In English law, the principle that a couple's contribution to a marriage should be regarded as equal, regardless of their relative financial input, is well established. In a small number of cases, however, the breadwinner has successfully argued that they made such an exceptional contribution that they should be awarded a greater share of the pot. The recent High Court case of Gray v Work provides further guidance on when the court will consider an individual’s contribution to be so ‘exceptional’ that their efforts should trump equality.
The case also serves as a cautionary tale to those who enter into a post-nuptial agreement as a wealth management tool, rather than a genuine attempt to deal with the division of wealth following the breakdown of a marriage.
The couple, both US citizens, met in their twenties and had modest earnings and very little capital between them. The husband, having completed an MBA, and, very much supported by his wife, found employment in 1997 with a global private equity firm.
After a brief stint at the firm’s headquarters in Texas, the husband and family relocated to Japan to set up the firm’s new outpost. Taking advantage of the depressed Japanese market, and as a result of being 'in the right place at the right time' (in the court’s opinion), the husband was hugely successful, both personally and on behalf of the company. In a mere eight years, the husband amassed a $300 million personal fortune before exiting the business and relocating the family to London in 2007. Following a near 20 year marriage, the relationship broke down in 2013.
The High Court had to decide the wife’s financial remedy application and, in particular, make a decision as to whether the post-nuptial agreement entered into by the parties in October 2000 was binding. If the agreement was not binding, the court also needed to consider if the husband’s contribution to the family was so special that the financial settlement should depart from the starting point of equality.
THE POST-NUPTIAL AGREEMENT
Both parties had relocated to Japan by 1998. In 2000, despite having no remaining connection to Texas, the parties entered into a post-nuptial agreement prepared by Texan lawyers. The husband’s wealth at the time of entering into the agreement was in the region of $5 million. The agreement was divided into two separate parts; part 1 'the agreement' and part 2 'the addendum'. Part 1 restricted the wife’s claims for financial relief. Part 2 offered a far wider range of remedies.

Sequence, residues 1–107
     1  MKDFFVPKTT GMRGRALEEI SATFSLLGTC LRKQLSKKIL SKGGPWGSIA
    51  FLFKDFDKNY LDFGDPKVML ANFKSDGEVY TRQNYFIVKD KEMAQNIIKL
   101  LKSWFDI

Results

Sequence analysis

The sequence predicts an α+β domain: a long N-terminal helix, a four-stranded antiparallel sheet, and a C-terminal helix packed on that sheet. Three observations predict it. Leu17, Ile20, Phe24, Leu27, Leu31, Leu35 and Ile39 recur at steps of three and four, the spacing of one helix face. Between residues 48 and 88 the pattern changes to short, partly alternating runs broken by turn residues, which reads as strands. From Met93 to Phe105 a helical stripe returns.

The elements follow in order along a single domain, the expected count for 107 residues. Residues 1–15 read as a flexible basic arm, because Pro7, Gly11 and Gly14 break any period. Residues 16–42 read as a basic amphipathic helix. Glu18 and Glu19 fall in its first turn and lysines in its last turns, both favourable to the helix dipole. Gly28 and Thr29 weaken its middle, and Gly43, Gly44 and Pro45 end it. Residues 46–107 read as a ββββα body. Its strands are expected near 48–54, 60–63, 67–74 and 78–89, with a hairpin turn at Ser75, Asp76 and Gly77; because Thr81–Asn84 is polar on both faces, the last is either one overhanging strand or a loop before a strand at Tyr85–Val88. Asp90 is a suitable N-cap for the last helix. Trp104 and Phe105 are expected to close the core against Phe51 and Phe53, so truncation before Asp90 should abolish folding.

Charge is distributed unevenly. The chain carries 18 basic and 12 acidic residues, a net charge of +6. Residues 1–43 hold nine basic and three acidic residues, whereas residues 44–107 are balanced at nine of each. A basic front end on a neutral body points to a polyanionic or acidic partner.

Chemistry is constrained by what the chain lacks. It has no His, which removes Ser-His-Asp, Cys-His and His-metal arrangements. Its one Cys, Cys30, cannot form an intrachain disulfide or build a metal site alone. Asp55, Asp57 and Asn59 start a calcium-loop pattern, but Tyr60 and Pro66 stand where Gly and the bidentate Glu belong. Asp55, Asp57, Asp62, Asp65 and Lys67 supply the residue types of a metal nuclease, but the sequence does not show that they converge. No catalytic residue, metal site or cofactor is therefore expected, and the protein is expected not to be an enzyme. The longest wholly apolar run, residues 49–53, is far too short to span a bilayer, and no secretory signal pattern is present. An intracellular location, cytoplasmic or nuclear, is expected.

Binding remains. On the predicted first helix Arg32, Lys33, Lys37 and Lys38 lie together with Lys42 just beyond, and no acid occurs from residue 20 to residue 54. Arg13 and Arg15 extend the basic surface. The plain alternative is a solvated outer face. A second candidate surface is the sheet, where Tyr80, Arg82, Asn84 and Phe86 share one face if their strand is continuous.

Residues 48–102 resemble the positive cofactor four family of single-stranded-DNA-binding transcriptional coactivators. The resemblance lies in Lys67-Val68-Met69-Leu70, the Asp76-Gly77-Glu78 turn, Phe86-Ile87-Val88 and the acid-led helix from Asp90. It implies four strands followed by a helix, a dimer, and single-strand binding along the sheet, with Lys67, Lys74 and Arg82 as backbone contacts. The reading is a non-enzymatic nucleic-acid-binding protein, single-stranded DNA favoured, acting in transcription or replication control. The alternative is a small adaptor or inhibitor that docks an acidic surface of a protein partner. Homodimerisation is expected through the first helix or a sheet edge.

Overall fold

The wife successfully argued that the structure of the post-nuptial agreement was for tax purposes only. Part 1 of the agreement sufficiently separated the parties’ property so that the husband could renounce his US citizenship, and ensure that any ties which may link him to the US tax regime were severed. The addendum, on the other hand, contained detailed provisions for the wife in the event of a divorce. Under the terms of the addendum, the wife would be entitled to 50% of the first $10 million of the husband’s net worth after tax, the total sum payable (TSP). By the addendum, the wife was also free not to accept the TSP and 'freely seek' alternatives.
The court concluded that the wife would not have entered into the post-nuptial agreement without the protection offered by the addendum. On consideration of the guiding principles contained inRadmacher v Granatino, the court also concluded that if the post-nuptial agreement was to restrict the wife’s claim in the way set out in Part 1, then the wife did not have a 'full appreciation of [its] implication' and the clear effect of the agreement was that it would not be fair to hold the parties to their agreement.
In light of the above, the court held that no weight should be given to the post-nuptial agreement. The court exercised its discretion and awarded the wife one half of all the assets; with the first $60 million lump sum being paid within 28 days of the date of the judgment.
The case continues the precedent which has now become well established. A party’s contribution must be so wholly exceptional that it would be inconsistent with the principle of fairness for it to be ignored. The court has ruled that exceptional remuneration alone is not a sign of exceptional contribution. In this instance, the court concluded that while the husband’s earnings were impressive, they were as the result of employment (rather than exceptional entrepreneurship) and were equally matched by the wife’s contribution, raising a young family in a socially and culturally different environment in the Far East.